You know this whole being a mom thing? It’s pretty freakin’ awesome. I don’t know if its looking into the eyes of a child and seeing part of yourself looking right back at you. Or maybe it’s the fact that my son could be having a very bad day- I just fix him some ‘special milk’ (chocolate milk) and he thinks I walk on water. He looses his beloved Blanky and when I find it for him, he thinks it’s magic. We just have this amazing connection, my son and I do. I would like to think that most mothers and their little ones also share this unbelievably strong bond like Nathan and I do.
I remember feeling the same way about my mother. When I felt bad, her comforting presence was enough to help make me feel better. Tomorrow is her birthday. She has been gone for two years and two months. Its easy to remember because she passed away a few days before my son was born. However old Nathan is, I just add on a few days and that’s how long it has been. I miss her.
I can’t imagine being on my death bed and not being able to see my son one last time. I saw her last when I was 7 months pregnant. She did not tell me that she was in the last throes of a loosing battle with cancer metastasis. At 36 weeks pregnant, she suffered a stroke from a cluster of brain tumors. Still being on bed rest with a high risk delivery scheduled for a little under 2 weeks from that day, I was not able to travel to see her. I considered going anyways. The day after seriously contemplating how I was going to get down there to her side, at almost 37 weeks pregnant, I went into labor yet again. They stopped the contractions, put me on bed rest, and sent me home with contraction medication to get me through the rest of the week until my complicated c-section was scheduled. She passed away a few days later. I wish I could have seen her to tell her goodbye. I wish I could have given her some of the comfort that she gave to me whenever I wasn’t feeling well growing up.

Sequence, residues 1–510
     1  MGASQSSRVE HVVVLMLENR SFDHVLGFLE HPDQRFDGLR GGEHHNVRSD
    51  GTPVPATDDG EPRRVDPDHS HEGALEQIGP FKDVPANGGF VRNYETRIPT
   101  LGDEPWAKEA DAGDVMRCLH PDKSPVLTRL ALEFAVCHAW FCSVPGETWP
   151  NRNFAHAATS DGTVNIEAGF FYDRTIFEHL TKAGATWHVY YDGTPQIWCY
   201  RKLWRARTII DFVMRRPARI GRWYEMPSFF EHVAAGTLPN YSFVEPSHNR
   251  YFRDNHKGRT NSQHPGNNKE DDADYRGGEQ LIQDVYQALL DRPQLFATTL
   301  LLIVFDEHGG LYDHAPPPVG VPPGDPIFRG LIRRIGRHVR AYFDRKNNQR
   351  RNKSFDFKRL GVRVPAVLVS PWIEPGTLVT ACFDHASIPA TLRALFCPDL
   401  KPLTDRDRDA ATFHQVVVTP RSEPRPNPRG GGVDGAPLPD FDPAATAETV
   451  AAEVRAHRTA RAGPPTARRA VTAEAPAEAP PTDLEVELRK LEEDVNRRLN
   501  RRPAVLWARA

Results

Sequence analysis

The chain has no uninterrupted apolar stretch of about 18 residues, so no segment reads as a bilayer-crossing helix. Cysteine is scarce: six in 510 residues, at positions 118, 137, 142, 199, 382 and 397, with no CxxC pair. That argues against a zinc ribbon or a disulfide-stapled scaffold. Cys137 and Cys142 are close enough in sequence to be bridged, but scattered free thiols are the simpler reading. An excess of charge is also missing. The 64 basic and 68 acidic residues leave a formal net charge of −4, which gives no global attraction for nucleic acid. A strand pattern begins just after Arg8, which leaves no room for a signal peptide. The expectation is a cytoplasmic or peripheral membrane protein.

She survived for many years following a diagnosis of stage IV aggressive cancer. For those who are unfamiliar with cancer-speak, stage IV is the absolute last thing you ever want to hear a doctor telling you. Stage IV is typically when they go ahead and let you know how many months you have left. My mom kicked butt though. She heard Stage IV, then pretty much gave it the finger and went on to see many more years worth of life before it finally did her in. She danced, she loved, she hurt, she cried, yet through it all she rocked her cancer treatments in her red leather coats and stylish blond wigs. She stood on her rock-solid faith, leaned on loved ones when she grew too tired to stand on her own, and she prevailed.
When I look in the mirror, I see part of her looking right back at me. I inherited some of her expressions and our eyes are similar. It is also these traits that I see in my son. My mom is gone, yet parts of her live on in my son and I. I am old enough to see that while she did not walk on water so to speak, she is still nothing less than a miracle. She taught me how to be strong and keep going. When I am seriously tired and ready to give up, I think of all that she went through with her cancer and I keep going. You see, her fighting spirit was so strong that it even keeps a whole other person, me, going to this day.
So…Happy Birthday to one of the most stylish, outrageous, unbelievably strong woman I have ever known.